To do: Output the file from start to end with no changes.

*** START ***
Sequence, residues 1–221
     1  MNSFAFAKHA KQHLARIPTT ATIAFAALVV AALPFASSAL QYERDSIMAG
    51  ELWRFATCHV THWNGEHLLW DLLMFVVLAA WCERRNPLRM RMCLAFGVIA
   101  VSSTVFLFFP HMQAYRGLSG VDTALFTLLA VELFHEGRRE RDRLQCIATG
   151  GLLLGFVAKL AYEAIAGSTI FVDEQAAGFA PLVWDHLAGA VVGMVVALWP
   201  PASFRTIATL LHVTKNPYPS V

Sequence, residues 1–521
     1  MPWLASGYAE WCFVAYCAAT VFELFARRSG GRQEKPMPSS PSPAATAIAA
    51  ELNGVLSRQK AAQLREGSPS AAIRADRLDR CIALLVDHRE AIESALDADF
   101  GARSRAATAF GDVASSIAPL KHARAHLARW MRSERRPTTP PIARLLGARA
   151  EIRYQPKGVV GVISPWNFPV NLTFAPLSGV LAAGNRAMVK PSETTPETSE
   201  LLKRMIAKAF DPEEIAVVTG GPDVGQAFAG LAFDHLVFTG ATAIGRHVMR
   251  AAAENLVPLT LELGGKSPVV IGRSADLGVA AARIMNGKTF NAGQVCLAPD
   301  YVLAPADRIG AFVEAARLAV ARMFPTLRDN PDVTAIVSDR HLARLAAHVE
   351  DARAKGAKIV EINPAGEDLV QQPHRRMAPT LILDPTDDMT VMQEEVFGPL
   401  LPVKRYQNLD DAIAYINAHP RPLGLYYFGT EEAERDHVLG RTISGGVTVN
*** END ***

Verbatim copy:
Sequence, residues 1–221
     1  MNSFAFAKHA KQHLARIPTT ATIAFAALVV AALPFASSAL QYERDSIMAG
    51  ELWRFATCHV THWNGEHLLW DLLMFVVLAA WCERRNPLRM RMCLAFGVIA
   101  VSSTVFLFFP HMQAYRGLSG VDTALFTLLA VELFHEGRRE RDRLQCIATG
   151  GLLLGFVAKL AYEAIAGSTI FVDEQAAGFA PLVWDHLAGA VVGMVVALWP
   201  PASFRTIATL LHVTKNPYPS V

Sequence, residues 1–521
     1  MPWLASGYAE WCFVAYCAAT VFELFARRSG GRQEKPMPSS PSPAATAIAA
    51  ELNGVLSRQK AAQLREGSPS AAIRADRLDR CIALLVDHRE AIESALDADF
   101  GARSRAATAF GDVASSIAPL KHARAHLARW MRSERRPTTP PIARLLGARA
   151  EIRYQPKGVV GVISPWNFPV NLTFAPLSGV LAAGNRAMVK PSETTPETSE
   201  LLKRMIAKAF DPEEIAVVTG GPDVGQAFAG LAFDHLVFTG ATAIGRHVMR
   251  AAAENLVPLT LELGGKSPVV IGRSADLGVA AARIMNGKTF NAGQVCLAPD
   301  YVLAPADRIG AFVEAARLAV ARMFPTLRDN PDVTAIVSDR HLARLAAHVE
   351  DARAKGAKIV EINPAGEDLV QQPHRRMAPT LILDPTDDMT VMQEEVFGPL
   401  LPVKRYQNLD DAIAYINAHP RPLGLYYFGT EEAERDHVLG RTISGGVTVN